A Profile of Farmers and Other Employed Canadians With Chronic Back Pain: A Population-Based Analysis of the 2009-2010 Canadian Community Health Surveys

Authors

  • Catherine Trask PhD,

    Corresponding author
    1. Centre for Health and Safety in Agriculture, College of Medicine, University of Saskatchewan, Saskatoon, Saskatchewan, Canada
    • For further information, contact: Catherine Trask, PhD, Centre for Health and Safety in Agriculture, College of Medicine, University of Saskatchewan, 103 Hospital Drive, Saskatoon, Saskatchewan, Canada S7N 0W8; e-mail: catherine.trask@usask.ca.

    Search for more papers by this author
  • Brenna Bath PhD,

    1. School of Physical Therapy, College of Medicine, University of Saskatchewan, Saskatoon, Saskatchewan, Canada
    Search for more papers by this author
  • Jesse McCrosky MMath,

    1. Department of Community Health and Epidemiology, College of Medicine, University of Saskatchewan, Saskatoon, Saskatchewan, Canada
    Search for more papers by this author
  • Josh Lawson PhD

    1. Centre for Health and Safety in Agriculture, College of Medicine, University of Saskatchewan, Saskatoon, Saskatchewan, Canada
    Search for more papers by this author

  • Funding: This research was funded by the University of Saskatchewan, College of Medicine, New Faculty Start-up fund (to Brenna Bath, PhD); a Canada Research Chair in Ergonomics and Musculoskeletal Health (Catherine Trask, PhD); and a Canadian Institutes of Health Research and Lung Association of Saskatchewan New Investigator Award (to Josh Lawson, PhD). The authors declare that they have no competing interests.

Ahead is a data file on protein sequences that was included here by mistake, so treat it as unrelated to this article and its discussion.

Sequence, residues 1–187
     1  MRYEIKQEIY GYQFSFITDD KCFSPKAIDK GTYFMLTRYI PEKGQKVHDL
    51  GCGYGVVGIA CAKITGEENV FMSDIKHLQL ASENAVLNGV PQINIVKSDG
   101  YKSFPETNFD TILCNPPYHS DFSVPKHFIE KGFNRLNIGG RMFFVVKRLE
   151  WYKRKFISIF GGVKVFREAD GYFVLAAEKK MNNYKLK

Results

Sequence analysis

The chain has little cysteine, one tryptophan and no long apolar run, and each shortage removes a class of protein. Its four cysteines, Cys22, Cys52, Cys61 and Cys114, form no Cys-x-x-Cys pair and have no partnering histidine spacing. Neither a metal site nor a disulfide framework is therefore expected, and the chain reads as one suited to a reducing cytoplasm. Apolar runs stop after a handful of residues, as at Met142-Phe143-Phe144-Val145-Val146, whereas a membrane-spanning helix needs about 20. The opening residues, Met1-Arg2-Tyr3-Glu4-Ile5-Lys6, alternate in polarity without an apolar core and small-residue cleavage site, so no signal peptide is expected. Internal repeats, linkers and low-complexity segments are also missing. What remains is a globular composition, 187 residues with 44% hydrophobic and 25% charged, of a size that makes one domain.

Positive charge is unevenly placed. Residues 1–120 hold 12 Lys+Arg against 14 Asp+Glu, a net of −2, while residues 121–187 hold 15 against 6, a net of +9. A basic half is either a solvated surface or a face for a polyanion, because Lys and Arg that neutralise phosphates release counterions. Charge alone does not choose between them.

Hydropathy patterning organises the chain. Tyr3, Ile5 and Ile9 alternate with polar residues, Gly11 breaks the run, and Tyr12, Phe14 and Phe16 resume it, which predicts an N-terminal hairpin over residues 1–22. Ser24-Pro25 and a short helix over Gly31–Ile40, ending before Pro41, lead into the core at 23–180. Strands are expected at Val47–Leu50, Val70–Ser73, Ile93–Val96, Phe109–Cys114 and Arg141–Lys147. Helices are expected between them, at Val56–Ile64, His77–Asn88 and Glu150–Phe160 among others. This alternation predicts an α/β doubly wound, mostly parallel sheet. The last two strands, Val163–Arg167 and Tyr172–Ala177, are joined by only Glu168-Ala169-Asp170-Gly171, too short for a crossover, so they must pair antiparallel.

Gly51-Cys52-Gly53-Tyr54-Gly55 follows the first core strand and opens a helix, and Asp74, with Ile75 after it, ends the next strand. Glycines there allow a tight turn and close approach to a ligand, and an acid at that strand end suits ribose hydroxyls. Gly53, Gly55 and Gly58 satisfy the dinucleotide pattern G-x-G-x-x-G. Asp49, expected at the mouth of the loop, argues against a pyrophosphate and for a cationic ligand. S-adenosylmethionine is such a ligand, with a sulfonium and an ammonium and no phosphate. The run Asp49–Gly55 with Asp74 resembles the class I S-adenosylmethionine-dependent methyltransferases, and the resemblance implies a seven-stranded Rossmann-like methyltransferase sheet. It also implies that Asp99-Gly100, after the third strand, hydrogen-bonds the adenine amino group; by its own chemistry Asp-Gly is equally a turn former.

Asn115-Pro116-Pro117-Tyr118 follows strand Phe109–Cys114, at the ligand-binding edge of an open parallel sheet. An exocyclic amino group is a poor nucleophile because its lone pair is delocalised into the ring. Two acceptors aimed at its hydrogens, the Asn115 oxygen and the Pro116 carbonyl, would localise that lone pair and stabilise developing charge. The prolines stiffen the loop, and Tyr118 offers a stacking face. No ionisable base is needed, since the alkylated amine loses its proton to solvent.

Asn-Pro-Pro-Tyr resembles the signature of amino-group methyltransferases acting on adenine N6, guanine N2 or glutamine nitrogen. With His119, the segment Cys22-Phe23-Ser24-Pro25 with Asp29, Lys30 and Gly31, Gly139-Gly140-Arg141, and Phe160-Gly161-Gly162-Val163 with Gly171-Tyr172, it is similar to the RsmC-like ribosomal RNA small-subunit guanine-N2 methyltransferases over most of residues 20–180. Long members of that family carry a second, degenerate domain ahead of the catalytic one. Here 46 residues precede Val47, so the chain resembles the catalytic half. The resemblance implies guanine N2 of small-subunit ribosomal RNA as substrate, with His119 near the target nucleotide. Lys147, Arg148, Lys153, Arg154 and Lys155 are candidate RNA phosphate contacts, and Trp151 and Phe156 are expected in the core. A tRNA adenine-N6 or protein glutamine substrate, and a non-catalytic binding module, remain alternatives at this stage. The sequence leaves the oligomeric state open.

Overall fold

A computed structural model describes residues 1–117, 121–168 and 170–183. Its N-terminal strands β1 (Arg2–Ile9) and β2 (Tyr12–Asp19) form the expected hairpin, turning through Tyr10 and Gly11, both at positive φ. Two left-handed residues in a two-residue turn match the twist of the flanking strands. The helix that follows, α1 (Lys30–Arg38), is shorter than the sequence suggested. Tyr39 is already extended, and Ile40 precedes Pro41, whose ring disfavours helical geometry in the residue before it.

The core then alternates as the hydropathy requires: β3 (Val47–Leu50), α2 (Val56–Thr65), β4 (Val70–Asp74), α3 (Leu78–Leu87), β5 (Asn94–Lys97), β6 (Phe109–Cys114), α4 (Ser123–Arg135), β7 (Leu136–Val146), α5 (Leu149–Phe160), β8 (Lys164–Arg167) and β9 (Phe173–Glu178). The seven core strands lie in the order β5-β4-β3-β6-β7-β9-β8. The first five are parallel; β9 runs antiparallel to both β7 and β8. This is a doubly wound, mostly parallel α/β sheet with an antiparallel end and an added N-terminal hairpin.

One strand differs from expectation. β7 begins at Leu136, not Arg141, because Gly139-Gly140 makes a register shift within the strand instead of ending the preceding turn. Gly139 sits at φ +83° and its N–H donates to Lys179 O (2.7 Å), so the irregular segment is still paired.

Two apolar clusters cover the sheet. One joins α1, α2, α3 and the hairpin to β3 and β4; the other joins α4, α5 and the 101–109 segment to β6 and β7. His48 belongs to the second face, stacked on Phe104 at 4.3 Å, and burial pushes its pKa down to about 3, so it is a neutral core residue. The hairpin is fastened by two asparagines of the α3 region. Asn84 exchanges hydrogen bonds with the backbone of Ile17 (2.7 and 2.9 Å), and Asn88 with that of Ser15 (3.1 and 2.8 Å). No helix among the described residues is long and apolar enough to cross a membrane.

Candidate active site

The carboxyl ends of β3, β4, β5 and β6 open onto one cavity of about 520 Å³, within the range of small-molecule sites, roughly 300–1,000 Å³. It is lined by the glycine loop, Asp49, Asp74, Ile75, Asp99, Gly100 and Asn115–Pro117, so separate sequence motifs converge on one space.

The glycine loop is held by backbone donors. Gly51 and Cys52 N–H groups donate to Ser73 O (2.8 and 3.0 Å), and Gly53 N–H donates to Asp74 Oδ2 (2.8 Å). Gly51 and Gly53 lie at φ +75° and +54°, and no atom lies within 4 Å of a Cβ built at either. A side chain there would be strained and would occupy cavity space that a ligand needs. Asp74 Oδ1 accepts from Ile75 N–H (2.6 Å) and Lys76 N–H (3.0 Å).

Abstract

Purpose

Chronic back disorders (CBDs) are a serious public health issue, both in the general population and among farmers. However, it is not clear whether all individuals with CBD should be treated the same, or if some subpopulations have special needs. This study's purpose was to determine the demographic, socioeconomic, co-morbidity, and other health characteristics of Canadian farmers and nonfarmers with self-reported CBD.

Methods

We performed a secondary analysis of the 2009-2010 Canadian Community Health Survey to develop a profile of adults with CBD comparing farmers (N = 350) to nonfarmer employed persons (N = 11,251). In addition to descriptive analysis, multiple logistic regression was used to control for possible confounding.

Findings

Our results indicate that farmers with CBD are significantly more likely to be older, less educated, and more often male and living rurally than nonfarmers with CBD. We found no difference between rates and type of co-morbidities between farmers and nonfarmers. However, the sociodemographic differences between farmers and nonfarmers with CBD may impact the design of effective interventions and have implications for health services planning and health care delivery. The information presented is anticipated to help address the identified need for musculoskeletal disorder prevention in agriculture.

Ancillary